Ha Long Bay, Viet Nam. Image courtesy of the Viet Nam National Administration of Tourism.
What You’ll Get
Take to the skies in this 12-day/11-night trip through Viet Nam and Myanmar’s top tourist spots.
Air travel makes short work of the widely-spaced destinations in this two-country itinerary, which divides your time between the temples, lakes and ancient cities of Viet Nam; and the stupas, markets and palaces of Myanmar.
Begin at Ho Chi Minh City, the former capital of half of a once-divided nation: you’ll watch a water puppet show beloved to locals; explore Cu Chi Tunnels, hand-dug by the winning side during the Viet Nam War; and wander through central Saigon’s colonial-era landmarks, among them the Reunification Palace, the Central Post Office, and Dong Khoi Street.
You’ll take to the air afterward, landing at Da Nang and taking a short drive to Hoi An, where you’ll walk through the Old Quarter down streets that have hardly changed for 300 years. Take your time visiting each of Hoi An’s temples, communal houses, and local before relaxing on a nearby beach.
Travel to Hue, where 13 Nguyen Emperors once ruled all of Viet Nam. Start at the Royal Citadel along the Huong River, first built in 1803. Further from the Citadel, you’ll see Thien Mu Pagoda and several tombs in the hinterlands where the Emperors were laid to rest.
Ha Long Bay takes you on a traditional-style wooden boat for a 4-hour cruise around the area’s strange-shaped island landscape.
Hanoi has stood in this spot for over a thousand years, and its landmarks recall its long history – from the scenic Hoan Kiem Lake to the Temple of Literature to expansive Ba Dinh Square, around which you’ll find the Presidential Palace, the One Pillar Pagoda, and Ho Chi Minh’s Mausoleum.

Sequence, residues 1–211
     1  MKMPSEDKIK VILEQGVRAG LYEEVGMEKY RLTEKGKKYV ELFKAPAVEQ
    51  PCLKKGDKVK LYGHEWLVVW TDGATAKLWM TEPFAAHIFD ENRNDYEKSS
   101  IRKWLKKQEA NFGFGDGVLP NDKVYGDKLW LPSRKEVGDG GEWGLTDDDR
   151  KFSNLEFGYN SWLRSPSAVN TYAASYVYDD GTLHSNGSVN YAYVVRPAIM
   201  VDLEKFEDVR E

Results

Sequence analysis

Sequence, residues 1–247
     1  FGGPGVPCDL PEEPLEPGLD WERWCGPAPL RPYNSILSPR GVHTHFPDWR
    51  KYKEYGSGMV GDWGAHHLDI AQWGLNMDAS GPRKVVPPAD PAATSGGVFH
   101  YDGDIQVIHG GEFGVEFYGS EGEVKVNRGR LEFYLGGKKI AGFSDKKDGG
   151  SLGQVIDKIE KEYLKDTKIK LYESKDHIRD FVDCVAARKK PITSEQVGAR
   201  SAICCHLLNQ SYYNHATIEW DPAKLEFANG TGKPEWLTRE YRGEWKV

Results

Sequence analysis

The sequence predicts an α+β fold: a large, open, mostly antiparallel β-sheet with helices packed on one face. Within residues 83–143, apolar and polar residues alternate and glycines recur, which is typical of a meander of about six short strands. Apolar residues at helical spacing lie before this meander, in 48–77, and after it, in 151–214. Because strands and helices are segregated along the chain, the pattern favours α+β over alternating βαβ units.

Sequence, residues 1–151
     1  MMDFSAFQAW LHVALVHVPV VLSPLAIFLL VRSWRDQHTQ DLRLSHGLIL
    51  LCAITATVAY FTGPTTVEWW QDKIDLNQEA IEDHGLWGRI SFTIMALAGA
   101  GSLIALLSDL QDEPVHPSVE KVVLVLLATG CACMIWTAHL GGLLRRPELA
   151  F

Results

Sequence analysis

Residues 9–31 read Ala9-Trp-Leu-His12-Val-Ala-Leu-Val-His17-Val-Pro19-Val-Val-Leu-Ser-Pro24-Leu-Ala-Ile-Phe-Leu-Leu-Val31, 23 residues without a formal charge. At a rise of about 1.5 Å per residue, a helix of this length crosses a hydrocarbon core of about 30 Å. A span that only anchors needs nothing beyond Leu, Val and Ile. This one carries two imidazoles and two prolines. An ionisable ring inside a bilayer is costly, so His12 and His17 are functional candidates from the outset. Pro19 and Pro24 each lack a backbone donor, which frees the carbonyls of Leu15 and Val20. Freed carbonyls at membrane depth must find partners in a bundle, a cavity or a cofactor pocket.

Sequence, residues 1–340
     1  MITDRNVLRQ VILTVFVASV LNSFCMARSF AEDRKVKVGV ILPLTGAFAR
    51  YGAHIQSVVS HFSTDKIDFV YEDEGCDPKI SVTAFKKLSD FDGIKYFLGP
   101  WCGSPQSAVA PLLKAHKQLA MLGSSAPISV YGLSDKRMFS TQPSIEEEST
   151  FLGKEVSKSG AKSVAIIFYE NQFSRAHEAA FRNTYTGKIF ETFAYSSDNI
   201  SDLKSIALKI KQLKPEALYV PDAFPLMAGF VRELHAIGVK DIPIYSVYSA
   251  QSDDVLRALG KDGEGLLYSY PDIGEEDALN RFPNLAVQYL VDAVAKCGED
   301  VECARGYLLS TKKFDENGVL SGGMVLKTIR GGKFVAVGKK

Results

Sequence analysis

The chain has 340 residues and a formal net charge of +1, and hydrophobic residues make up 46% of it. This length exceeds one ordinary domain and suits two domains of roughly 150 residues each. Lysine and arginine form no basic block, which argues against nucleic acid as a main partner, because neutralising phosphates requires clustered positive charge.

From Hanoi, you’ll take another long leap, this time across the border to Yangon, the capital of Myanmar. The Sule Pagoda and Shwedagon Pagoda both trace their history back over 2,000 years, far outreaching the British colonial buildings in the city center. Explore the city’s museums, pagodas, and markets for a first-hand look at the city’s history and culture.
Bagan takes you back in time as well, to the Pagan Empire that once flourished in this area over 800 years ago. Over 2,000 temples still stand scattered around Bagan’s arid plain, among them Shwezigon Pagoda, built by King Anawrahta in the early 11th century; Ku Byauk Gyi, a temple with exquisite murals; and Ananda Temple with its four huge standing-Buddha images arranged around an interior gallery.
Finally, Mandalay recalls the glory of the last Myanmar royal dynasty, which ruled here until the British overran the country. The royal influence can still be felt in landmarks like the Mahamuni Pagoda, home to a statue believed to be the most ancient image of Lord Buddha; and Mandalay Palace, a reconstructed royal home in the city’s very center.
For a complete listing of destinations and experiences in this itinerary, visit this page on SaigonTourist’s official site.
Mandalay Royal Palace, Myanmar. Image courtesy of Mike Aquino.